Seeing hope in abandoned housing


Katrina: Rehabbing blighted homes could help hurricane victims and boost revitalization efforts.

September 08, 2005|By Eric Siegel | Eric Siegel,SUN STAFF

BALTIMORE — WITH APPROPRIATE federal assistance, there might be a role for cities such as Baltimore to play in housing New Orleans evacuees beyond offering temporary shelter in converted public facilities.

Baltimore -- like Philadelphia, Detroit and many other urban centers in the Rust Belt and Northeast -- has thousands of abandoned residences, the result of decades of depopulation.

New Orleans, along with other areas of Louisiana and Mississippi, has tens of thousands of displaced people, and nobody's saying if or when they'll be able to return to their homes.

Why not find a way to match the two?

The federal government seems to be moving in just that direction.

Late yesterday, the U.S. Department of Housing and Urban Development announced that it would be joining with local city and county governments to identify properties that could be used to house displaced residents.

That follows the disaster assistance steps outlined by HUD last week. They included putting a moratorium on foreclosures of FHA-insured houses in federally designated disaster areas; identifying vacant private, low-income apartment units, public housing units and HUD-owned homes throughout the country; and providing emergency funding for local public housing authorities to help rehab damaged properties.

What's needed is an announcement of the availability of sufficient money to rehabilitate some of the vacant properties to house some of those who have lost their homes to Hurricane Katrina and the subsequent flooding.

Homeownership grants or special disaster relief rental vouchers, similar to the current Section 8 program for the poor, could be provided to the victims to allow them to rent or buy newly renovated homes.

Some money could even be earmarked to provide construction work -- and a paycheck -- to some of the multitudes of Gulf Coast residents whose jobs have disappeared along with their homes.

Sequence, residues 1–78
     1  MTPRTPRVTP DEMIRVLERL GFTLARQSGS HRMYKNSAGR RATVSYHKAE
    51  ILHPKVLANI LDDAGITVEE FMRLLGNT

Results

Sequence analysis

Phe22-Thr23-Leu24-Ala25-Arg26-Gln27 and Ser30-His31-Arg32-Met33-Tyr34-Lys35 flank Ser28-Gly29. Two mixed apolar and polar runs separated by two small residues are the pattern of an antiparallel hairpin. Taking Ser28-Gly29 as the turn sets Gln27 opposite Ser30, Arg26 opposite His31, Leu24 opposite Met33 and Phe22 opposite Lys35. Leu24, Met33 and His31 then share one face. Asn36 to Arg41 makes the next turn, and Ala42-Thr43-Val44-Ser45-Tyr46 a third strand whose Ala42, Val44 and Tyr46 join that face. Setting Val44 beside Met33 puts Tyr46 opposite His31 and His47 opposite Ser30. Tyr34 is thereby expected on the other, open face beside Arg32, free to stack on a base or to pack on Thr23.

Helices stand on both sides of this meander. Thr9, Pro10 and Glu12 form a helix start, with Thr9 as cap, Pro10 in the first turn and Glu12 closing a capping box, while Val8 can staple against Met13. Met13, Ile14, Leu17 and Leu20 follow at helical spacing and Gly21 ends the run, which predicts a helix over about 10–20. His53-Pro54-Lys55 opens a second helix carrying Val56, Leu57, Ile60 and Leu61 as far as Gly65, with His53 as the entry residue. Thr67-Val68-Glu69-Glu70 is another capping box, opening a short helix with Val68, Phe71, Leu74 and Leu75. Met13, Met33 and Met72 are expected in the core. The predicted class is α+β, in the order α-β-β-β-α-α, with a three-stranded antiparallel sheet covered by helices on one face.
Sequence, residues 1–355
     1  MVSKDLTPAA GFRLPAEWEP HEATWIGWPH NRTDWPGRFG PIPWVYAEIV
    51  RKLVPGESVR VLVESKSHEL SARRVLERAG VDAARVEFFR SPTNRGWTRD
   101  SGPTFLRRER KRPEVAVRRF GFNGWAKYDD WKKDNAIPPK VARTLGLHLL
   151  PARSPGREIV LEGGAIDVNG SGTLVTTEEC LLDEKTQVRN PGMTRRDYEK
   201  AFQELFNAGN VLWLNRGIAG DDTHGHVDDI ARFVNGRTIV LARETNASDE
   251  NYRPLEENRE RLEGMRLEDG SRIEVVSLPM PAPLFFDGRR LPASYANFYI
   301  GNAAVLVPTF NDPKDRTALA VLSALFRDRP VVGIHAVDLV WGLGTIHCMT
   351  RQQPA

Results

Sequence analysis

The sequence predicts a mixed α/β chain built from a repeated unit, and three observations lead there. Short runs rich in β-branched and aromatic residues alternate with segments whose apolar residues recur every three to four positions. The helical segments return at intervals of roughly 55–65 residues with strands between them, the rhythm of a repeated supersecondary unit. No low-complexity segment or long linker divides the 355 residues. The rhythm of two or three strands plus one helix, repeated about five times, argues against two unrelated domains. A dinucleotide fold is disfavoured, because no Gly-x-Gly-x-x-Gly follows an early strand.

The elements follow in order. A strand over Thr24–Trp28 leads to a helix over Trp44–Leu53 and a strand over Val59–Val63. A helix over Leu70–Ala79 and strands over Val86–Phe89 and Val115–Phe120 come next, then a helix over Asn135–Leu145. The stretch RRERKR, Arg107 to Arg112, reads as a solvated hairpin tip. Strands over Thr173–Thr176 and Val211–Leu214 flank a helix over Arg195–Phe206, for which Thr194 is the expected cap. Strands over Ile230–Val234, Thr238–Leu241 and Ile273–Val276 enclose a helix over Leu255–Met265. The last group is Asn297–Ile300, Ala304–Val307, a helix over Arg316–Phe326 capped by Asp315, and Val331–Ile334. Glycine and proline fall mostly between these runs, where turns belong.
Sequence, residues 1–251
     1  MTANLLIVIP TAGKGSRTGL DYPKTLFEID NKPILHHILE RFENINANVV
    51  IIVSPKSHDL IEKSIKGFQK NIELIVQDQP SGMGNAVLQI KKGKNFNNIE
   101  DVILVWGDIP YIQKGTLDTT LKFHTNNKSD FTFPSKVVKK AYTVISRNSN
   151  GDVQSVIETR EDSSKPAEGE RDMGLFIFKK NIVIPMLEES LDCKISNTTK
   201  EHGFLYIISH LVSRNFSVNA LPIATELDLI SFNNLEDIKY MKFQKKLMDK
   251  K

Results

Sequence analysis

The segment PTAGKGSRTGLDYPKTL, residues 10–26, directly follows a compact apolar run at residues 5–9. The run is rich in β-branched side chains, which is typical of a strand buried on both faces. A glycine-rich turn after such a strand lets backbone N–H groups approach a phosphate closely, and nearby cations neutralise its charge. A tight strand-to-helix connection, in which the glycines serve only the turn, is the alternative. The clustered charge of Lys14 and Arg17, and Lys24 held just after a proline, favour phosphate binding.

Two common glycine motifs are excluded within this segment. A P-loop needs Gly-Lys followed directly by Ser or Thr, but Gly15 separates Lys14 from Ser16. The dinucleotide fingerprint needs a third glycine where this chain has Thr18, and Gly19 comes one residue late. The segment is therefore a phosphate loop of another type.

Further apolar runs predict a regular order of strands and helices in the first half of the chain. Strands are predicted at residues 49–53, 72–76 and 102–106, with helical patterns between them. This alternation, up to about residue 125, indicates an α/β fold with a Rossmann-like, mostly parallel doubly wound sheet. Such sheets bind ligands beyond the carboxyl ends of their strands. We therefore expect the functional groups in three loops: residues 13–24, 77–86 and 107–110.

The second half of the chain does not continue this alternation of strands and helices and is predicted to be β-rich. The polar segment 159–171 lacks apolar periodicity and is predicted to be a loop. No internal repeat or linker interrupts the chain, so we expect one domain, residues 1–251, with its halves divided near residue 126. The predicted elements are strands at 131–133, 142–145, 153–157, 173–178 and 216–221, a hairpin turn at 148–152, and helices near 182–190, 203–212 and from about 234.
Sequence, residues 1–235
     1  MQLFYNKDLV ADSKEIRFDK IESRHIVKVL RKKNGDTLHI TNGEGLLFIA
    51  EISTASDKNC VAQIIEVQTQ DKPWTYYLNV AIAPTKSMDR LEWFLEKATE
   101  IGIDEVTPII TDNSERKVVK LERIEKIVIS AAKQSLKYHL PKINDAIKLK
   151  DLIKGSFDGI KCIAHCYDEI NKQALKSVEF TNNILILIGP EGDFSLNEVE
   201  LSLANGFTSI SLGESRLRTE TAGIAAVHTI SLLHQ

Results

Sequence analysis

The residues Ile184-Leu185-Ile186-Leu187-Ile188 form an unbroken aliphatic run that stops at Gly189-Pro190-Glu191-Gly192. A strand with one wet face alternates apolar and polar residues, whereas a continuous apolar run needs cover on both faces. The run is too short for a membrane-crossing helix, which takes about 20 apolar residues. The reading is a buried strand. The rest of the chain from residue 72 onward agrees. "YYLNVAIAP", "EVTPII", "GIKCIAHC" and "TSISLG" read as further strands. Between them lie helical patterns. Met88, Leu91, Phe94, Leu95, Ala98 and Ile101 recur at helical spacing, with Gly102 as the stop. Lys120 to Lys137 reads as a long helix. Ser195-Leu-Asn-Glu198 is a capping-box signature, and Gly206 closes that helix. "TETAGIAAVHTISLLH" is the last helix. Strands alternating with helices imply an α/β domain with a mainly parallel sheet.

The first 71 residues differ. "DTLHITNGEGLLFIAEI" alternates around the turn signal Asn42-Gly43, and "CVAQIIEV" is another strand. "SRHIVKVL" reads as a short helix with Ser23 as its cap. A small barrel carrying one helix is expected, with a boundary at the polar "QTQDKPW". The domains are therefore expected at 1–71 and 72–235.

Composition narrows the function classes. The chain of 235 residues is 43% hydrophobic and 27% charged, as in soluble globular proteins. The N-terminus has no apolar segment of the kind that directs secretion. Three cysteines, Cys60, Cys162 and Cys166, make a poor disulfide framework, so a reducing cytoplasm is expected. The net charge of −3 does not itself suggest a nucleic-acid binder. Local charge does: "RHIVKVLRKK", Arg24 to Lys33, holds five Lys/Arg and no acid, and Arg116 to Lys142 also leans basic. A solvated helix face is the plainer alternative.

Perhaps tax breaks could be offered to private owners to encourage them to donate their properties to the effort.

If the evacuees chose to return to New Orleans as housing there became available, the rehabbed properties would be part of the improved housing stock of the host cities.

Clearly, there's a strong sentiment to clean up and rebuild New Orleans and the Gulf Coast, despite a price tag for relief and recovery now estimated at $150 billion.

Just as clearly, that reconstruction could take months to begin -- and years to complete. That's way too much time for families to spend living, dormitory-style, in public arenas or in the basements or spare bedrooms of Good Samaritans.

And some residents have expressed a desire not to return.

To be sure, renovating vacant houses can't be done overnight. Most are nothing more than shells that have been empty for years. Still, some of them stand to be better off than some of the houses in New Orleans that have been immersed in contaminated water.

Baltimore has taken title to thousands of vacant properties through Project 5000. Efforts at revitalizing neighborhoods by renovating these properties are under way. If more money were available, the efforts could be accelerated or expanded.

Making some of the houses available to evacuees would help guarantee the success of revitalization efforts in such places as Poppleton and Barclay. It would also allow the city to use existing funds to open up new frontiers of redevelopment.

With more money, nonprofit groups with proven track records could be enlisted to step up their activities. Three that come to mind are the Patterson Park Community Development Corp.; Chesapeake Habitat for Humanity, which is expanding from Pen Lucy into other neighborhoods; and the St. Ambrose Housing Aid Center, which is turning vacant HUD-foreclosed homes into home ownership opportunities throughout Northeast and is managing a citywide Housing Authority rental program ordered under a court decree.

Of course, care would have to be taken to make sure the money was used effectively as well as expeditiously. Care would also have to be taken to guard against the over-concentration of poverty and to ensure that the housing needs of local residents were not shortchanged.

How many such housing units could be prepared quickly, and how much demand there would be, is an open question.

Even a few thousand, in Baltimore and elsewhere, could be a help to the evacuees -- and the cities.

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